Preventing Spatter Buildup in Gas Nozzles
The gas nozzle, which helps to shield the weld, often becomes filled with spatter while welding. It is important to keep the nozzle clean in order to avoid inhibiting the flow of gas and preventing your ability to weld. Using a nozzle dip or anti-spatter will help keep the nozzle clean. Similar to the consistency of jelly, a product referred to as nozzle dip can help prevent spatter from sticking to the nozzle. Simply dip the nozzle in the product every once in a while welding to reduce the buildup of spatter. However, don’t fully submerge the entire nozzle, you don’t want to clog the torch or cut off the gas, just dip the tip. Also, store the nozzle in the manufacturer’s packaging to prevent damage; if you toss it in a bin or other container, it may get dented or scratched, creating defect areas that can collect spatter or damage threads.
The following links feature various products for nozzle cleaning, maintenance, and prevention of spatter buildup:
- All Products: www.weldaid.com
- Nozzle Dip Gel: www.weldaid.com/nozzle-dip-hd-gel
- Nozzle Cleaning Tool: www.weldaid.com/nozzle-kleen-tool
Cleaning Spatter and Reconditioning Nozzles
There are various methods for cleaning gas nozzles when spatter does end up collecting in them. Remove the gas nozzle to inspect it. A spatter-full or damaged nozzle has to be wire brushed with a hand drill or lathe with a wire wheel brush. Thorough cleaning would include brushing the outside and inside flat surfaces, brushing the edges, and brushing out the threads. Once cleaned, a gas nozzle should be free of surface inconsistencies, and the threads should be clean enough to allow the copper nozzle to be threaded back onto the chrome water-cooled nozzle by hand. It is important to remember that after cleaning out the nozzle, blow it out with air to remove any metallic or foreign particles that might prevent a clean thread connection.
Removing a Seized Gas Nozzle Properly
If the gas nozzle is not properly cleaned, the operator will most likely use a large wrench on it to force it up onto the chrome water-cooled nozzle (front of the torch). This will seize up the gas nozzle in the torch, and will not come out without damaging the torch. In an attempt to remove a seized nozzle, a large wrench will again have to be used to remove the gas nozzle, and will end up tearing the front end off of the torch. If a gas nozzle cannot be threaded up by hand, it should not be put on the torch.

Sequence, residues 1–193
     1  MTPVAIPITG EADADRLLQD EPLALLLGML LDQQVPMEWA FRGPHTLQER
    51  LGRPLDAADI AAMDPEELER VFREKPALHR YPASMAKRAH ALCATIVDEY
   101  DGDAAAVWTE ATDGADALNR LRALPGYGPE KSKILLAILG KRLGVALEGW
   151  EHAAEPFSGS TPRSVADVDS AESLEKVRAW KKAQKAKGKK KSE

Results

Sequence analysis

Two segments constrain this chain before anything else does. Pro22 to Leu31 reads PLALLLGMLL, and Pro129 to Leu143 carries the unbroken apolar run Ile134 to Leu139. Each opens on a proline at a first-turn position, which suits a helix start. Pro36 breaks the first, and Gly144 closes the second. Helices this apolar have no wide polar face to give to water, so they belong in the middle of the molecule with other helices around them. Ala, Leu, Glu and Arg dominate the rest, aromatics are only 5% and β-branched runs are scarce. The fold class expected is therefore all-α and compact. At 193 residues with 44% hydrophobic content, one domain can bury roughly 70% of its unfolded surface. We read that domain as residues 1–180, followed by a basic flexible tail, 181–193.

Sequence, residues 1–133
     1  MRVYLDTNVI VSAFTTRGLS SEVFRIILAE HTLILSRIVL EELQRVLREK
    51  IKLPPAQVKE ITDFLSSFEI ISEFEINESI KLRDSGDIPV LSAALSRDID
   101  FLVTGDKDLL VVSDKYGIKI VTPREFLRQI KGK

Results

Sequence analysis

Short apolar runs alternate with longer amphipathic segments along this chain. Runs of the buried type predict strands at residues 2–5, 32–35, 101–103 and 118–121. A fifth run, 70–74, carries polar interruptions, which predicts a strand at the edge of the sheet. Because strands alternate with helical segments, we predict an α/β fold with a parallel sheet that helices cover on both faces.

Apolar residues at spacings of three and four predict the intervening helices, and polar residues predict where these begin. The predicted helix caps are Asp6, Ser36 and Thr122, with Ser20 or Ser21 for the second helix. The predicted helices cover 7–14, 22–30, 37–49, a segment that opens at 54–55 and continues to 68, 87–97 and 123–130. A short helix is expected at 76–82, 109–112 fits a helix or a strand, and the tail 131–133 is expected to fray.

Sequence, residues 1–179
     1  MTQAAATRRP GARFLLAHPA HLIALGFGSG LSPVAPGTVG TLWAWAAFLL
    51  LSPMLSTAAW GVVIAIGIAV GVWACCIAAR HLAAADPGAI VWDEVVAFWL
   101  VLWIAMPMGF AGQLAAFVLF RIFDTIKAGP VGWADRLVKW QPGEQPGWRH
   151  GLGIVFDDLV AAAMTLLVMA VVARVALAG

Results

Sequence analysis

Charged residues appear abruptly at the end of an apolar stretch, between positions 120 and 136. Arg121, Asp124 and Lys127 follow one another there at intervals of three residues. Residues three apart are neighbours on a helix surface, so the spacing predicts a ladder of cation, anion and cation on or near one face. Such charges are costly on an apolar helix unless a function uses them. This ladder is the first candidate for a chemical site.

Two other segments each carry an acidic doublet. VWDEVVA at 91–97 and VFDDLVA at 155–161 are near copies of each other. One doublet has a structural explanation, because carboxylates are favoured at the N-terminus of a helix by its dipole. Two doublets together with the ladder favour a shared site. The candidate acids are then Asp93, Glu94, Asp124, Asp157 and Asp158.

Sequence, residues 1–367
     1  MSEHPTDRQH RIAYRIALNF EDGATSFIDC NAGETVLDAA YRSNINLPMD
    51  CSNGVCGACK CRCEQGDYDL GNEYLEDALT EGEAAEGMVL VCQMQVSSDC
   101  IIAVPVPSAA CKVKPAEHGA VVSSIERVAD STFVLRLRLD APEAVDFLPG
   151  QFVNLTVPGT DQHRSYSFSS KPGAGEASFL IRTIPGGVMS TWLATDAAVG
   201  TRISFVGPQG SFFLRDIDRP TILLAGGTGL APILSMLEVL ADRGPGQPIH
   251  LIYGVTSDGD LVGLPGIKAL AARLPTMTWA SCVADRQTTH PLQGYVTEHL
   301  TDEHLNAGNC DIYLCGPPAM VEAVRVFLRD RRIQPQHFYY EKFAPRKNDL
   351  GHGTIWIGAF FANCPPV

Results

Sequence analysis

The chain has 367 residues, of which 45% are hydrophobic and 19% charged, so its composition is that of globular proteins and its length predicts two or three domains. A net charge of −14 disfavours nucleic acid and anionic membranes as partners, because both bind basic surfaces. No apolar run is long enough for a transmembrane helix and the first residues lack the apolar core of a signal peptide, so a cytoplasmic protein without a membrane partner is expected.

In case a gas nozzle does seize up in the front of the chrome water-cooled nozzle assembly, it is necessary to remove the assembly so that it can be held properly to avoid damaging it when removing the gas nozzle. On the top of the water-cooled nozzle assembly there are two spigots. The water passages run through these spigots and straight down the sides of the water-cooled nozzle. These passages cannot be seen from the outside of the water-cooled nozzle. If these water passages are squeezed with a wrench or vise they will cave in and cut off the water supply through the torch and to the torch’s water out & power cable. This will cause the torch to overheat; it will possibly cause severe damage to the torch and burn up the water out & power cable because cooling fluid will no longer be flowing through it.
When it is required that a wrench be used to grab the water-cooled nozzle, it is important to make sure that the jaws of the wrench are grabbing the water-cooled nozzle perpendicular to the water channels on sides of the water-cooled nozzle that are 90 degrees to the channels. This will avoid any pressure on the water passages and prevent them from caving in and restricting water flow.
In the factory, the water-cooled nozzles are placed in “soft jaws” in a vise that grab the water-cooled nozzle on the two sides 90 degrees to the water passages. This guarantees that the water-cooled nozzle will be grabbed correctly without damaging it, enabling the use of a wrench to remove the gas nozzle.
If the first two options are not available, the water-cooled nozzle can be placed in a lathe where the back collar is secured tightly with a chuck. The machine can be used to back out the gas cup. Whenever a gas nozzle is removed to be cleaned or replaced, the threads of the chrome water-cooled nozzle should be inspected and cleaned as well, and chased with a nozzle thread chaser tap if necessary. Forcing the gas nozzle back onto the water-cooled nozzle will cause the threads to gall. If this does happen, or if the threads become damaged in any other way, they can be re-tapped with the nozzle thread chaser tap, and a new gas nozzle should be applied.
For cleaning of threads, and re-tapping & cleaning damaged threads, D/F manufactures its own line of nozzle thread chaser taps which can be found here.